0

My code looks like this: (ignore the comments; they're old)

// Implements a dictionary's functionality

#include <stdbool.h>
#include <string.h>
#include "dictionary.h"
#include <ctype.h>
#include <strings.h>
#include <stdlib.h>
#include <stdio.h>

// Represents a node in a hash table
typedef struct node
{
    char word[LENGTH + 1];
    struct node *next;
}
node;

// Number of buckets in hash table (26 potential first letters * 26 potential second letters
// + 26 situations where the word is one letter long)
const unsigned int N = 702;

// Hash table
node *table[N];

// Global Variable that counts num of words
unsigned int num_of_words = 0;

// Initialize some temporary nodes
node temporary;
node n;

// Returns true if word is in dictionary else false
bool check(const char *word)
{
    // Allocate memory for a temporary node and make sure memory is allocated; otherwise return false
    node *temporarypoint;
    // Set a variable index to the hash on the hash table that the word belongs to
    int index = hash(word);
    // Set the address of the temporary node to what the correct index on the hash table points at
    temporarypoint = table[index];
    if (temporarypoint == NULL)
    {
        return false;
    }
    // While temporary is pointing at a valid place in memory, compare whether a word matches
    // and return true if there is a match
    while (temporarypoint != NULL)
        if (strcasecmp(temporarypoint->word, word) == 0)
        {
            return true;
        }
        // If the word doesn't match, set the temp node to the value that the next part of the temp node was pointing at
        else
        {
            temporarypoint = temporarypoint->next;
        }
    // Return false since no word has been found to match
    return false;
}

// Hashes word to a number
unsigned int hash(const char *word)
{
    if (strlen(word) == 1)
    {
        // Lowercase the first letter of the inputted word
        char first = tolower(word[0]);
        // Subtract 97 from that character, which will give a value from 0-26 on the ASCII Table
        first = (first - 97);
        return first;
    }
    else
    {
        // Lowercase the first and second letter of the inputted word
        char first = tolower(word[0]);
        char second = tolower(word[1]);
        if (first < 97 || first > 120 || second < 97 || second > 120)
        {
            return 1;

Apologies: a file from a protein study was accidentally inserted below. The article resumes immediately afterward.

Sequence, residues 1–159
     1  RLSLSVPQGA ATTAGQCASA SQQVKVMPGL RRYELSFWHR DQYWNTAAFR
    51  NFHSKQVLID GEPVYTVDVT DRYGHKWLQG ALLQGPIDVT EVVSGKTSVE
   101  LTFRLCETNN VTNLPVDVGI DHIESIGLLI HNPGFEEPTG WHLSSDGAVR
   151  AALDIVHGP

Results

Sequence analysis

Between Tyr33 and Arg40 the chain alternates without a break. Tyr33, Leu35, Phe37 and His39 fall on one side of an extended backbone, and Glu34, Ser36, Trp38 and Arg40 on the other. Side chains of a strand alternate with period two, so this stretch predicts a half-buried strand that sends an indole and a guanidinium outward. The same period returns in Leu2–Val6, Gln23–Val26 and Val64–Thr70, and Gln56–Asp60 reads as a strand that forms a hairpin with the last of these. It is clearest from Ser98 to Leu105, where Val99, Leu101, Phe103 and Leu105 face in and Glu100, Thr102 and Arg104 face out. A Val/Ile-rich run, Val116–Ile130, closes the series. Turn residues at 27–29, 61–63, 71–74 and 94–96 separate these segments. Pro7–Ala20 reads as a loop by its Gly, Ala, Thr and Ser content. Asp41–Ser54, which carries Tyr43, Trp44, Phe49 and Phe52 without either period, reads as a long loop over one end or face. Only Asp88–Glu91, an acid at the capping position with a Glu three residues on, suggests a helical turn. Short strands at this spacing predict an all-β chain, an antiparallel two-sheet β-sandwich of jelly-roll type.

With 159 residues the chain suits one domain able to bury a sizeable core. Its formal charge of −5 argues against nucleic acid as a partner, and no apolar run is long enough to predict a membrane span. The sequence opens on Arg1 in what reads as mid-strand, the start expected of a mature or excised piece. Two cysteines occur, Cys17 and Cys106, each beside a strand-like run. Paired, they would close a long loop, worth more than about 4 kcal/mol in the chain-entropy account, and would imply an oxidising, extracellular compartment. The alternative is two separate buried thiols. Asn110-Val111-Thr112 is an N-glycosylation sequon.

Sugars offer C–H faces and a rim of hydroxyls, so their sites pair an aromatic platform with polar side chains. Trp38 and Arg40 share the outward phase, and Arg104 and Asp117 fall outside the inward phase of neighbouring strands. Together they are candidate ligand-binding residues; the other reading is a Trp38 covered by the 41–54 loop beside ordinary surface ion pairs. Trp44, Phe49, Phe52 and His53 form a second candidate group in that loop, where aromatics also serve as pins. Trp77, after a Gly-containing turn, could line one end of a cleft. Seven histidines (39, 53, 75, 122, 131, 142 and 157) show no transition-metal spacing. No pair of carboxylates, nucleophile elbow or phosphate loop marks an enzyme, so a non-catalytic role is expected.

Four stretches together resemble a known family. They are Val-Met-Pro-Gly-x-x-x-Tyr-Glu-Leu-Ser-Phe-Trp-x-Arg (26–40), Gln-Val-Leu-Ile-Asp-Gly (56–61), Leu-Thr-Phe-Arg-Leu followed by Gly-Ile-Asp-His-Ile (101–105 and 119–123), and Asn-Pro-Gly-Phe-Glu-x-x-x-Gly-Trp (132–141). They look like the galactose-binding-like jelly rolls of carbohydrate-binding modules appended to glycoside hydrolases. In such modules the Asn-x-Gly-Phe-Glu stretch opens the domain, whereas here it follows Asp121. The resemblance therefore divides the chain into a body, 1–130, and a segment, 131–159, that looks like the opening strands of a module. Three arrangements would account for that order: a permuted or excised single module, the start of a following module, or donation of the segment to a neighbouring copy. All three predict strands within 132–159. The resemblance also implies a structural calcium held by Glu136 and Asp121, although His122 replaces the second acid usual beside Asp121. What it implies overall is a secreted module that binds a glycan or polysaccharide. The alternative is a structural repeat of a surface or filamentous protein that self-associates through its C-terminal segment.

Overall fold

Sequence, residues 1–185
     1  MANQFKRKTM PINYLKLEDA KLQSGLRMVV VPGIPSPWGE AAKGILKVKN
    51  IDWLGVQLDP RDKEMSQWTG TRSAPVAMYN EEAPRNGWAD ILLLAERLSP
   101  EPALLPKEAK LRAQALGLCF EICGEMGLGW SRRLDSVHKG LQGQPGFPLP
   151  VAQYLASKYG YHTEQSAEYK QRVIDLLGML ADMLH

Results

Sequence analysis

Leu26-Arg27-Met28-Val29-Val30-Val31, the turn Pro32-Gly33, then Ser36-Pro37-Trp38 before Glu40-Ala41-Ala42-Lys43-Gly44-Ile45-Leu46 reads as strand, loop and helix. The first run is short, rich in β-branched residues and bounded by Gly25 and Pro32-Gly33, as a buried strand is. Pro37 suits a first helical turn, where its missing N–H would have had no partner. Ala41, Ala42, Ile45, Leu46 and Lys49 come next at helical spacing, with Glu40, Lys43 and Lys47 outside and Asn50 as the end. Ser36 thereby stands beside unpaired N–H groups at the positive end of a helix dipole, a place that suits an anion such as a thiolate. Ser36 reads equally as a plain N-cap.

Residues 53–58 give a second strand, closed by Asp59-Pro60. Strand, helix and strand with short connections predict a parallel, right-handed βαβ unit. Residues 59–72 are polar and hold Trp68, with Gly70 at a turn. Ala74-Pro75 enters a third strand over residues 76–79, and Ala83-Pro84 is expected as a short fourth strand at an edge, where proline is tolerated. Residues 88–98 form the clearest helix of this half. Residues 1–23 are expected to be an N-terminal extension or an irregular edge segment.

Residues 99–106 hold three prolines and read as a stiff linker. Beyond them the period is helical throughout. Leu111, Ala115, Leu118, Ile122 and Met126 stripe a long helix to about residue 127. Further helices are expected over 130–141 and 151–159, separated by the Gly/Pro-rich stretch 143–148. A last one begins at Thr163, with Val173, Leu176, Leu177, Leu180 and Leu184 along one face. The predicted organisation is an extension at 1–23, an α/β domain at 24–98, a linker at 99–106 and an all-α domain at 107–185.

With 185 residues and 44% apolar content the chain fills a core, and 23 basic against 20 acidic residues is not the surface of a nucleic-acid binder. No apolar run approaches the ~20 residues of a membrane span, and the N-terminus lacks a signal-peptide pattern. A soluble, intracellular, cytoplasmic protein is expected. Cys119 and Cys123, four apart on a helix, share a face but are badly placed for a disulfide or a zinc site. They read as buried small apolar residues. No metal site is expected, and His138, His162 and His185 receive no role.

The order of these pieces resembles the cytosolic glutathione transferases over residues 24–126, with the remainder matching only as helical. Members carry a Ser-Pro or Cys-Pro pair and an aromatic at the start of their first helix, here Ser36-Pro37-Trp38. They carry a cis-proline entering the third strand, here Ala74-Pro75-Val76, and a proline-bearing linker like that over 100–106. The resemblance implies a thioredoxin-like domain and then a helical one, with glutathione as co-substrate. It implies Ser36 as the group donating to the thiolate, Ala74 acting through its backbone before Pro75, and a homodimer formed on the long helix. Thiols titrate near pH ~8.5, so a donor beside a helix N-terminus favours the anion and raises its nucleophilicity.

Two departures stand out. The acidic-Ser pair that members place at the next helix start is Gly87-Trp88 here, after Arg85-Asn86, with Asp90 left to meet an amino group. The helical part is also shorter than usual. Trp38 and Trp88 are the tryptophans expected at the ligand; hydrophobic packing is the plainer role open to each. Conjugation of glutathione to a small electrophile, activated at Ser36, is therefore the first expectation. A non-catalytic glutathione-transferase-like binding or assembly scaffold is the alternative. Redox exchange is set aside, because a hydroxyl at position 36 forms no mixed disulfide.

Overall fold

}
        // Subtract 97 from that character, which will give a value from 0-26 on the ASCII Table, then shift it over
        // so that the letters act like a system of numbers based on 26 rather than 10
        first = (first - 97) * 26;
        second -= 97;
        // Add the two to get a total and return that total as a hash
        unsigned int total = first + second + 26;
        return total;
    }
}

// Loads dictionary into memory, returning true if successful else false
bool load(const char *dictionary)
{
    // Open the dictionary in a file pointer called file; make sure that the file is readable and return false if not
    FILE *file = fopen(dictionary, "r");
    if (file == NULL)
    {
        return false;
    }
    // Declare an array of length LENGTH to store each word
    char word[LENGTH];
    // Initialize an int that will hold the index of the hash table
    int index = 0;
    // While it is not the end of the dictionary, load more words into the array of linked lists
    while (fscanf(file, "%s", word) != EOF)
    {
        // Allocate memory for a node and check that there is enough memory to allocate; if not return false
        node *pointn = malloc(sizeof(node));
        if (pointn == NULL)
        {
            return false;
        }
        // Copy the characters in the array word into the word part of the node n
        strcpy(pointn->word, word);
        // Assign the hash index of the word to the variable index
        index = hash(pointn->word);
        // If this is the first node in the linked list, add the node to the linked list
        if (table[index] == NULL)
        {
            table[index] = pointn;
        }
        // Given that this is not the first node, make the node the first node in the linked list
        else
        {
            // Make the pointer of the node n point at what the head of the correct linked list points at
            pointn->next = table[index];
            // Point the head of the correct linked list at the node n
            table[index] = pointn;
        }
        // Call the size function, which should add one to the variable num_of_words
        size();
        free(pointn);
    }
    // Free the memory for node n
    fclose(file);
    return true;
}

// Returns number of words in dictionary if loaded else 0 if not yet loaded
unsigned int size(void)
{
    // Adds one to the num of words and then returns that as the return value of the function
    num_of_words++;
    return num_of_words;